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8
Linear Programming:
Sensitivity Analysis and Interpretation of Solution
MULTIPLE CHOICE
1. To solve a linear programming problem with thousands of variables and constraints
a. a personal computer can be used.
b. a mainframe computer is required.
c. the problem must be partitioned into subparts.
d. unique software would need to be developed.
TOPIC: Computer solution
2. A negative dual price for a constraint in a minimization problem means
a. as the right-hand side increases, the objective function value will increase.
b. as the right-hand side decreases, the objective function value will increase.
c. as the right-hand side increases, the objective function value will decrease.
d. as the right-hand side decreases, the objective function value will decrease.
TOPIC: Dual price
3. If a decision variable is not positive in the optimal solution, its reduced cost is
a. what its objective function value would need to be before it could become positive.
b. the amount its objective function value would need to improve before it could become positive.
c. zero.
d. its dual price.
TOPIC: Reduced cost
4. A constraint with a positive slack value
a. will have a positive dual price.
b. will have a negative dual price.
c. will have a dual price of zero.
d. has no restrictions for its dual price.
TOPIC: Slack and dual price
1

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2Chapter 8 LP Sensitivity Analysis and Interpretation of Solution
5. The amount by which an objective function coefficient can change before a different set of values for the
decision variables becomes optimal is the
a. optimal solution.
b. dual solution.
c. range of optimality.
d. range of feasibility.
TOPIC: Range of optimality
6. The range of feasibility measures
a. the right-hand-side values for which the objective function value will not change.
b. the right-hand-side values for which the values of the decision variables will not change.
c. the right-hand-side values for which the dual prices will not change.
d. each of the above is true.
TOPIC: Range of feasibility
7. The 100% Rule compares
a. proposed changes to allowed changes.
b. new values to original values.
c. objective function changes to right-hand side changes.
d. dual prices to reduced costs.
TOPIC: Simultaneous changes
8. An objective function reflects the relevant cost of labor hours used in production rather than treating them
as a sunk cost. The correct interpretation of the dual price associated with the labor hours constraint is
a. the maximum premium (say for overtime) over the normal price that the company would be
willing to pay.
b. the upper limit on the total hourly wage the company would pay.
c. the reduction in hours that could be sustained before the solution would change.
d. the number of hours by which the right-hand side can change before there is a change in the
solution point.
TOPIC: Dual price
9. A section of output from The Management Scientist is shown here.
Variable Lower Limit Current Value Upper Limit
1 60 100 120
What will happen to the solution if the objective function coefficient for variable 1 decreases by 20?
a. Nothing. The values of the decision variables, the dual prices, and the objective function will all
remain the same.
b. The value of the objective function will change, but the values of the decision variables and the
dual prices will remain the same.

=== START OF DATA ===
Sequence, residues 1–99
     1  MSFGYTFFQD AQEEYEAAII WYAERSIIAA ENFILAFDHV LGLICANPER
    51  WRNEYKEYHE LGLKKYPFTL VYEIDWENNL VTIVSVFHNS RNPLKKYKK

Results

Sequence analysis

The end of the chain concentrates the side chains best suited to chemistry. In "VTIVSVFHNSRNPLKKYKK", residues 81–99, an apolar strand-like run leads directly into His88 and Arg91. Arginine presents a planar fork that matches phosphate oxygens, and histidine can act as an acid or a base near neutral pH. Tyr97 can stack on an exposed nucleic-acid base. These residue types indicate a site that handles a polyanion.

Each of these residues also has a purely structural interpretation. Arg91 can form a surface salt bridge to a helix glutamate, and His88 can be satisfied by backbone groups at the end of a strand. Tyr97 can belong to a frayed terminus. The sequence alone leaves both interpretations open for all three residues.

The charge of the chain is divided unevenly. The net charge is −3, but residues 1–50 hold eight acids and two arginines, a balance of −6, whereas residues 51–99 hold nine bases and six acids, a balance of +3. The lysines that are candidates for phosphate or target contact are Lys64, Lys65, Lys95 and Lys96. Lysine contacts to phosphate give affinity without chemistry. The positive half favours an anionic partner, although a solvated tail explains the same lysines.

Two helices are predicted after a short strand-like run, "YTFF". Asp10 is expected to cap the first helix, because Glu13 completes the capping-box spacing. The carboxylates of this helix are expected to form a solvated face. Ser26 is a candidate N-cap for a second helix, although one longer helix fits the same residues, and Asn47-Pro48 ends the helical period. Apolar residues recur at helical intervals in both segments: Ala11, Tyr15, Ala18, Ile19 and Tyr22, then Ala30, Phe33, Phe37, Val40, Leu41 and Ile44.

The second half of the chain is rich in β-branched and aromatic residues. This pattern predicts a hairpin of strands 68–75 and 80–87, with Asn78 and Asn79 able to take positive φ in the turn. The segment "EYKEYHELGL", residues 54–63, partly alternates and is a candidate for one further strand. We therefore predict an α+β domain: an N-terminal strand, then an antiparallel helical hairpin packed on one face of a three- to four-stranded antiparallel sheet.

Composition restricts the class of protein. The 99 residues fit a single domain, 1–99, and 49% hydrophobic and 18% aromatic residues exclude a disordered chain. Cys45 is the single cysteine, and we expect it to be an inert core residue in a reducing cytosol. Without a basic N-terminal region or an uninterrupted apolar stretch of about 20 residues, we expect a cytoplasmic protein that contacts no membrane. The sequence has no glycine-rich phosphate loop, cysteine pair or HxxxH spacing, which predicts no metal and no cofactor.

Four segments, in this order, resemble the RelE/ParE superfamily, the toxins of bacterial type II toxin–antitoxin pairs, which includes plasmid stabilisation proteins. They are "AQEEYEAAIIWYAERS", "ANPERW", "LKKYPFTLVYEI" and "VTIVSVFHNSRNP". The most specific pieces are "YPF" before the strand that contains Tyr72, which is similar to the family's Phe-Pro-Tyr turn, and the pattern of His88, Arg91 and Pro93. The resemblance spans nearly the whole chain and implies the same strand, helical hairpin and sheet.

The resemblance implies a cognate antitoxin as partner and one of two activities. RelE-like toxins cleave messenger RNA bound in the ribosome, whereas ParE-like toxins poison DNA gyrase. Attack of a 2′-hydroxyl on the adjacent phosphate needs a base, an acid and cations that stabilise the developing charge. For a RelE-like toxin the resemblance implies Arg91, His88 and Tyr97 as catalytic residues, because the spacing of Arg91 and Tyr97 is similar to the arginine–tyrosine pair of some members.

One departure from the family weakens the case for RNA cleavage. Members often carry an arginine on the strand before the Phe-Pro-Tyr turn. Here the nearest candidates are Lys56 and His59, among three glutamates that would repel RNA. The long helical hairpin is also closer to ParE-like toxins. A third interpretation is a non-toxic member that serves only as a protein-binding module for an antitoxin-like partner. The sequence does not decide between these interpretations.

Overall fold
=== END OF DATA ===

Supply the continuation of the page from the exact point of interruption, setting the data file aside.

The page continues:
c. The same decision variables will be positive, but their values, the objective function value, and
the dual prices will change.
d. The problem will need to be resolved to find the new optimal solution and dual price.
TOPIC: Range of optimality

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Chapter 8 LP Sensitivity Analysis and Interpretation of Solution 3
10. A section of output from The Management Scientist is shown here.
Constrain
tLower Limit Current Value Upper Limit
2 240 300 420
What will happen if the right-hand-side for constraint 2 increases by 200?
a. Nothing. The values of the decision variables, the dual prices, and the objective function will all
remain the same.
b. The value of the objective function will change, but the values of the decision variables and the
dual prices will remain the same.
c. The same decision variables will be positive, but their values, the objective function value, and
the dual prices will change.
d. The problem will need to be resolved to find the new optimal solution and dual price.
TOPIC: Range of feasibility
11. The amount that the objective function coefficient of a decision variable would have to improve before that
variable would have a positive value in the solution is the
a. dual price.
b. surplus variable.
c. reduced cost.
d. upper limit.
TOPIC: Interpretation of computer output
12. The dual price measures, per unit increase in the right hand side,
a. the increase in the value of the optimal solution.
b. the decrease in the value of the optimal solution.
c. the improvement in the value of the optimal solution.
d. the change in the value of the optimal solution.
TOPIC: Interpretation of computer output
13. Sensitivity analysis information in computer output is based on the assumption of
a. no coefficient change.
b. one coefficient change.
c. two coefficient change.
d. all coefficients change.
TOPIC: Simultaneous changes
14. When the cost of a resource is sunk, then the dual price can be interpreted as the
a. minimum amount the firm should be willing to pay for one additional unit of the resource.
b. maximum amount the firm should be willing to pay for one additional unit of the resource.
c. minimum amount the firm should be willing to pay for multiple additional units of the resource.
d. maximum amount the firm should be willing to pay for multiple additional units of the resource.